So, it goes back to the type of cooking you do. Although it's not strictly a safety issue, if you do a lot of stir frying or sauteing, then you might end up with greasy cabinets after a few years not to mention unpleasant smells in your house. Even if all you do is boil pasta and make soup, the moisture can be an issue as well since it can lead to mold and other unpleasantness. Also, consider the resale of you house if you ever decide to sell.

You might consider an all in one unit that I've seen in commercial kitchens where MUA is built in to the hood. These are sometimes called compensating hoods. Take a look and talk to the city. There may be exceptions made for compensating ventilation systems with an interlocking MUA that will satisfy building code without a more expensive whole house heated MUA system.

Good luck on your decision.

    Bookmark   April 17, 2012 at 1:47PM
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The rule of thumb is to divide the BTU by 100. In your case it's 800 cfm. If you were to buy the proper size exhauster, you would need MUA. It is possible to 'pull combustion gases' from fire places, water heaters, boilers, etc. Even with a window open.

IMO 300 CFM isn't enought for a 48" top. I don't get the high end kitchen - but forget the details mentality. Do it right and you'll have something to be proud of. The contractor who suggested you put in 300 cfm is a cheat - I wouldn't use him!

    Bookmark   April 17, 2012 at 2:17PM
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Last I checked, the official recommendation is 100 CFM per linear foot of cooking surface. Yes, per Linear Foot. Has nothing to do with the strength of the burners. I believe that's a recommendation, not a requirement. If it is a requirement, then obviously 300 CFM won't meet it in this case. If it is a requirement and a recirc hood could pass inspection, then I'd say it's somewhat of a BS requirement that has nothing really to do with safety.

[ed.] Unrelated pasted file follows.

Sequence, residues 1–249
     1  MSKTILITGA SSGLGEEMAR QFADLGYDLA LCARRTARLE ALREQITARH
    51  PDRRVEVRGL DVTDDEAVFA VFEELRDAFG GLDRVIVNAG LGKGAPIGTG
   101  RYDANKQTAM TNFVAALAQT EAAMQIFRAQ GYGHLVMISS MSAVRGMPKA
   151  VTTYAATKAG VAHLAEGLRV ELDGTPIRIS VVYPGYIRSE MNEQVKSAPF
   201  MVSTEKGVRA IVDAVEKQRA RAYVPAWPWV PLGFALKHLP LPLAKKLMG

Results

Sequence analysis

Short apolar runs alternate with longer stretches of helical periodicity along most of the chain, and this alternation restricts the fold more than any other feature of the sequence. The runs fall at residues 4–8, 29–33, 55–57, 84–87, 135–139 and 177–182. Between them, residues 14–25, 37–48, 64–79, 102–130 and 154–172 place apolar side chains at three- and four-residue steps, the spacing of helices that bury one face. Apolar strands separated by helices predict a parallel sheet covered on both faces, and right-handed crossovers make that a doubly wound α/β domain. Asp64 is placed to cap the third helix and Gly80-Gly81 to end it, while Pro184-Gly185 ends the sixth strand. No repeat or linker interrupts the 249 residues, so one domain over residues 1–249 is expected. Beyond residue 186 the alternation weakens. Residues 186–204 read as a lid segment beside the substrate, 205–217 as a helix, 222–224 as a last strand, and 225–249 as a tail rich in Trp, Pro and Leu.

modern_mom brings up an excellent point re wall ovens. I haven't seen dedicated exhaust for them (and their broilers) in years. Unsafe? Some people prefer range broilers so that the smoke gets evacuated by the hood, but that's a quality of life factor not a safety issue.

Personally I'd want more than 300 CFM over a 48" range, particularly if I plan to use that griddle for something more exciting than scrambled eggs and pancakes. But I don't think we're talking a safety issue, and that was the question.

    Bookmark   April 17, 2012 at 2:19PM
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You don't buy a Ferrari and them put on four 10" donut spares on it. Not only does that look really funny, but it greatly compromises the performance of the car itself. You can't go 120 mph on donuts, and you can't have 3 burners and a griddle putting out heat and steam and have a 300 CFM fan keep up anywhere close. It not only compromises your ability of to be able to use your range to it's fullest, but it also will make potential buyers look much closer for other items you might have compromised on in the home. It raises a degree of suspicion that shouldn't be raised.

If you can't put in a proper ventilation system, including proper makeup air, then put in a consumer grade 30" range. It's that simple.

    Bookmark   April 17, 2012 at 3:24PM